Glass Ampules

I donít think EMS should carry drugs in glass ampules. I know how to open a glass ampule and how to draw the drug out with a syringe and filtered needle. But I will say it is much easier to use a glass ampule in an ER using a standup table then it is to use it in the street.

Most of our drugs are in vials or prefilled syringes. The only drugs we carry in ampules are epi: 1:1000 and Haldol, which we used to carry in vials. I give epi 1:1000 only three or four times a year for anaphylaxis and severe allergic reactions. These are calls where the patient needs the drug without delay. To open the ampule, after swinging it through the air in a quick circle to get the drug all in the bottom, I take a 4 X 4, hold it over the tip, and snap it. Then I lay it down on the bench seat or a the hood of a car or if, I am in a house, on a table or chair, on another 4X 4, and then carefully draw the drug out. With epi 1:1000, I only have to draw out 0.3 ccs, so if I spill some in opening the ampule, I donít worry too much. With Haldol however, I have to draw up the full cc.

I admit sometimes there is spillage when I open an ampule. Worse sometimes the ampule shatters. I have on several occasions cut the tip of my thumb on the jagged glass edge, causing me to have to put on another glove to contain my bleeding while I take care of the patient.

The last time I cut myself was drawing up Haldol which I was mixing with a
Ativan to give to a man on PCP who suddenly waking from his catatonic state, decided he wanted no part of going anywhere but out of the ambulance and likely back down the street. I drew it up while sitting on the manís legs as my partner sat on his chest and tried to keep him down on the stretcher.

There has been talk with the shortage of epi 1:10,000 in the Bristo Jets, we may have to use 1:1000 glass ampules and mix them with 9 cc of saline for our cardiac arrest epi doses. Here’s where I did my last three cardiac arrests: in a dark crowded bathroom (crowded due to narrow size of bathroom and large size of patient), in the crawlspace behind the lanes of a bowling alley which had not much more width than a backboard, and in a moving ambulance). I am glad we still had the bristojets.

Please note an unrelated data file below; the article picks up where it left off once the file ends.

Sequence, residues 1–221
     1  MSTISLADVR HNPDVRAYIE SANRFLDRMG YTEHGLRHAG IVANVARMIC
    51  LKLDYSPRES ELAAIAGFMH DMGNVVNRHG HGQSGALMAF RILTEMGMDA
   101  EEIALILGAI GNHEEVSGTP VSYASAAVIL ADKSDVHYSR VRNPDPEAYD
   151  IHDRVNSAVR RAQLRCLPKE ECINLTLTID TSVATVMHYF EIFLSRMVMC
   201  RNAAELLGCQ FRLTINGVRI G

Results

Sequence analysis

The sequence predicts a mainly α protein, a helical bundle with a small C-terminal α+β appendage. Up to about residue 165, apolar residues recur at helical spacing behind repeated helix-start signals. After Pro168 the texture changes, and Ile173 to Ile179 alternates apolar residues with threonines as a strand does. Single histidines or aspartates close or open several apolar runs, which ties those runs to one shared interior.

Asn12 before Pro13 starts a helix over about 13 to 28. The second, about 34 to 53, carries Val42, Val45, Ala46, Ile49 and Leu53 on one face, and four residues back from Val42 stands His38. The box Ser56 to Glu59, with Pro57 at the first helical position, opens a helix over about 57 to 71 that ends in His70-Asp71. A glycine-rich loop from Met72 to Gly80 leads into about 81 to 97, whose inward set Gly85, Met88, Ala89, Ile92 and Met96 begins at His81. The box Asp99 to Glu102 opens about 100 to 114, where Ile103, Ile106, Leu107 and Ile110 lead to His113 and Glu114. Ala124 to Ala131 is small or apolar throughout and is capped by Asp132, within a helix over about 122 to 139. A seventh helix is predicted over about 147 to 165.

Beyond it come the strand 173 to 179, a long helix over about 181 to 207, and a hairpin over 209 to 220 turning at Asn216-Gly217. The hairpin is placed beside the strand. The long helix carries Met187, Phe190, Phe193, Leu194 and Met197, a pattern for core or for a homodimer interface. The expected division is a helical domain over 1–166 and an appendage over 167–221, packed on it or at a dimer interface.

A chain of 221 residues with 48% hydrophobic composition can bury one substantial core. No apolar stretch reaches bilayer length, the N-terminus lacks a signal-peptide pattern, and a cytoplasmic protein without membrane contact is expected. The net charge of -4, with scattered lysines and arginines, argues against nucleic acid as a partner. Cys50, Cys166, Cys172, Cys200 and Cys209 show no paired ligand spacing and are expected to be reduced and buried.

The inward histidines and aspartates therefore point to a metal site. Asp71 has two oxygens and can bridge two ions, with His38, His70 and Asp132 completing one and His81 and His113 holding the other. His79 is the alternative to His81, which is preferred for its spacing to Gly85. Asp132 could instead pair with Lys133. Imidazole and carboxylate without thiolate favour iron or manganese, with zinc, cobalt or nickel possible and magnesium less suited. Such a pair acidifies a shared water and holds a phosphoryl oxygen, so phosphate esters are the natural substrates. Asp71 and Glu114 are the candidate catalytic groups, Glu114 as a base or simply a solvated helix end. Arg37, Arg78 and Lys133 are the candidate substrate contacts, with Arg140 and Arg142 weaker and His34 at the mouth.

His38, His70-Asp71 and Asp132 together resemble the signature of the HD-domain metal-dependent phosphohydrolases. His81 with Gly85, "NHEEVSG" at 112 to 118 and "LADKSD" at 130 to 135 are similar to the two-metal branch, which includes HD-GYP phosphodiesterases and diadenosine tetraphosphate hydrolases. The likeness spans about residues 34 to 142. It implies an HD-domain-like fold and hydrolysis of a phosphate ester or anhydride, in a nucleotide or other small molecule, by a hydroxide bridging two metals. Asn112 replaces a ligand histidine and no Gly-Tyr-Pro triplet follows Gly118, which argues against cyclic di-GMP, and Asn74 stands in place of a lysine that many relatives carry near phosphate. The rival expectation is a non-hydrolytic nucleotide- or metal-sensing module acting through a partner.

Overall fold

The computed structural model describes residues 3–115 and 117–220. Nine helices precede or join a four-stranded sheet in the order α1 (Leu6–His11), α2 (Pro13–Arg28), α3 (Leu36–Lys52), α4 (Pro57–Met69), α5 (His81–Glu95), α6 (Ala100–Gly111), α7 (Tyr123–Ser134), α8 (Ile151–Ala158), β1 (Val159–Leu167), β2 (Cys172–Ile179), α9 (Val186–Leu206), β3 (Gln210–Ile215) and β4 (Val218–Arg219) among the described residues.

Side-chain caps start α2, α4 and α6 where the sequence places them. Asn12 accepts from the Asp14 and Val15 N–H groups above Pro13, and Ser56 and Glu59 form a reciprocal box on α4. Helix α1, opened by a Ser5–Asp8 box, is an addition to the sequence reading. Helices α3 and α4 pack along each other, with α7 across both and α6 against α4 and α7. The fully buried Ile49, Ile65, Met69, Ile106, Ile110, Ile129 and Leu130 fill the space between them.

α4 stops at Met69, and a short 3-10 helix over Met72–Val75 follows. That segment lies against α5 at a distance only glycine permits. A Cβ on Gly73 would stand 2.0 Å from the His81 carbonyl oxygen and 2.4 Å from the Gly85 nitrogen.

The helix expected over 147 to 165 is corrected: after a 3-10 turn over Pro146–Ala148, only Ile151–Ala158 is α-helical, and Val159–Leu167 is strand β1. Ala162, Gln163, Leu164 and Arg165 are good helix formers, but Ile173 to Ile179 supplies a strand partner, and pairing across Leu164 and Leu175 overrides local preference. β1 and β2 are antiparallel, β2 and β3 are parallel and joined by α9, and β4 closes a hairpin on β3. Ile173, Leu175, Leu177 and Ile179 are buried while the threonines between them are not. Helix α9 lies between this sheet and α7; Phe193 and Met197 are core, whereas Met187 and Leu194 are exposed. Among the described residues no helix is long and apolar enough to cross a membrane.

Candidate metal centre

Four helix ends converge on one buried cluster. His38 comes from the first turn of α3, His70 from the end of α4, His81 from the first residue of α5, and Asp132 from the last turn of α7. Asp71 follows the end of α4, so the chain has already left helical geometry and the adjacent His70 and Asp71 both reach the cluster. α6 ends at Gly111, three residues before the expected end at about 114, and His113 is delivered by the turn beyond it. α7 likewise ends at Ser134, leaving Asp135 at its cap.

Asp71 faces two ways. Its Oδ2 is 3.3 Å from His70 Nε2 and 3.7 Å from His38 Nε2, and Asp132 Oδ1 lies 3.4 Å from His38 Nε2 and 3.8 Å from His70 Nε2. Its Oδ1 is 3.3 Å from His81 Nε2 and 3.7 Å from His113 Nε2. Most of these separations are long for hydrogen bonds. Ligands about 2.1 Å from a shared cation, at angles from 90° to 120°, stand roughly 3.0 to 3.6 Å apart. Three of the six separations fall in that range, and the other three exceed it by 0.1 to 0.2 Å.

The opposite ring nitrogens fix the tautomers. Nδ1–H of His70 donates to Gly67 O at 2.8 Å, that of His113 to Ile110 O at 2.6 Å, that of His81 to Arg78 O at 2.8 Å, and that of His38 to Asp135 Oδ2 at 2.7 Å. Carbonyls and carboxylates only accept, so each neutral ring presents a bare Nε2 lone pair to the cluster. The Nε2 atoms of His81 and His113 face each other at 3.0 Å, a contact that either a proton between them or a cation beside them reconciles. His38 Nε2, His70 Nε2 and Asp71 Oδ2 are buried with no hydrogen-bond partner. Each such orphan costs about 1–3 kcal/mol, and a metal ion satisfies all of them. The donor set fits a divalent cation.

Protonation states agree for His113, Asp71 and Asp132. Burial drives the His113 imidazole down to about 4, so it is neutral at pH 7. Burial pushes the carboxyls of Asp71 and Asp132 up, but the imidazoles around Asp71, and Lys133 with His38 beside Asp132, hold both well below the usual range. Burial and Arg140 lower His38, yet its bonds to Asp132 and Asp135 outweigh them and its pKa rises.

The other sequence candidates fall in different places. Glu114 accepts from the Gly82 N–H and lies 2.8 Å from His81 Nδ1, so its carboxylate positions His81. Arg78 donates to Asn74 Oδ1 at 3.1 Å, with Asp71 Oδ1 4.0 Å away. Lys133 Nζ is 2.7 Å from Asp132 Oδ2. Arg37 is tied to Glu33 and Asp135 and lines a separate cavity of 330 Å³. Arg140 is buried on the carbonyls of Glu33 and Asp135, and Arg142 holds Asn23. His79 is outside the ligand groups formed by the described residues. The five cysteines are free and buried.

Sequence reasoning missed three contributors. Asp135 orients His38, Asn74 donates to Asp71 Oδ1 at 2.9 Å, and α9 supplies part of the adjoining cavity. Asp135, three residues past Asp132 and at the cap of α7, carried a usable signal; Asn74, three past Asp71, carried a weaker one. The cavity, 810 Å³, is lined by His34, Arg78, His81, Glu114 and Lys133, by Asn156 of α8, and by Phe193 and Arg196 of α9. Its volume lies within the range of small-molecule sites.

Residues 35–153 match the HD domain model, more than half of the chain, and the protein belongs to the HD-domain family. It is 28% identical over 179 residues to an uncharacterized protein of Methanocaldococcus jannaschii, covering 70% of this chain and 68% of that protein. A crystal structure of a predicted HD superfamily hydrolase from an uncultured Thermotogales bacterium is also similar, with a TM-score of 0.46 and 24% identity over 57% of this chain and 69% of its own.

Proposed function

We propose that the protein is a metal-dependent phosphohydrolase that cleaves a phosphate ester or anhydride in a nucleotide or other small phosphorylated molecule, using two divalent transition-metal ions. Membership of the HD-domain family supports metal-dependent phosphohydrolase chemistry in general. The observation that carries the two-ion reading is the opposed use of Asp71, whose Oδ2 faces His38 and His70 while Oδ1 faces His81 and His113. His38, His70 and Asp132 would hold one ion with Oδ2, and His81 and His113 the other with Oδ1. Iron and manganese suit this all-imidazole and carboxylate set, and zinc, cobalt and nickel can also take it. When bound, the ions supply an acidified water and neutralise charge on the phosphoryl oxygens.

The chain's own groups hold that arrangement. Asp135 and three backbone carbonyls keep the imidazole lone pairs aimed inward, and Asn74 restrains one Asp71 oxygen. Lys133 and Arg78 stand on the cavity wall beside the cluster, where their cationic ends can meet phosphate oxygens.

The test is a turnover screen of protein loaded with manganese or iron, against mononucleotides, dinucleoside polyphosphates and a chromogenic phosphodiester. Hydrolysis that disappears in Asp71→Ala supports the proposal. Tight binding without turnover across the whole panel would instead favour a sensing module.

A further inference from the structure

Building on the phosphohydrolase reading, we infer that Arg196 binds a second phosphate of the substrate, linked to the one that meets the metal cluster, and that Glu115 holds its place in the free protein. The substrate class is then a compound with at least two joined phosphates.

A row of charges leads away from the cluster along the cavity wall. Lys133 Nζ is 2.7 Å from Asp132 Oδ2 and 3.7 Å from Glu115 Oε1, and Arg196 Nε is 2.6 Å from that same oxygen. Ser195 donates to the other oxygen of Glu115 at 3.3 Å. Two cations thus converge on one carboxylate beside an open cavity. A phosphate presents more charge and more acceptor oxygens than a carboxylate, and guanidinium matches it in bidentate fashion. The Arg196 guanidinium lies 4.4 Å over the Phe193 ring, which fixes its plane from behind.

I know with the drug shortages, sometimes EMS services have to get what meds they can get. Iíd just prefer vials. They are safer and easier.

***

When we did run out of the 1:10,000 Bristojets, we did recieve a shipment of multidose epi 1:1000 vials for mixing with 9 cc saline in cardiac arrest, along with warnings not to draw up too much by mistake.

1 Comment

  • BH says:

    Our main hospital is giving out 1:1000 1mg vials for restock now. I don’t know who makes/distributes them, but they’re out there.

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Peter Canning

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  • Comments
    Sandy
    The Ideal Medic
    As a 24 year medic, I finally figured out it wasn't me. Thank you for your article. You can't teach that in any classroom. I have always found that empathy is a great tool. Use it to benefit the patient and teach others what it is all about.
    2015-03-24 22:24:30
    Joseph Eriksen
    The Ideal Medic
    As a 30 year, now retired medic I completely agree. There is nothing wrong with second guessing although one should go with their gut. There are times to be aggressive and times to not. Also humor is one of the most powerful pre-hospital tools in the toolbox although it can't be taught. When appropriate it…
    2015-03-24 19:37:25
    Shawn McCormick
    The Ideal Medic
    I totally agree. To me those make great paramedics. I work as a Operation Supervisor and encourage teamwork/backup whenever the situation calls for it. I encourage feedback from a difficult call my crews responded to. 1) they have the chance to recall the events that took place and they may self evaluate the call. 2)…
    2015-03-24 17:14:14
    Sean Fitch
    The Ideal Medic
    Totally agree Peter, For too long I had the same interpretation and like you now, I would by far take your current description.
    2015-03-24 17:05:33
    tom combs - ER doc/author
    The Ideal Medic
    Twenty-five years as an ER doc in level one trauma centers has me in total agreement. I Interestingly what you say regarding paramedics also, in many ways, applies to ER docs. "Tries to learn from each call...puts the patient first." A great post. I salute to your wisdom!
    2015-03-24 17:04:06

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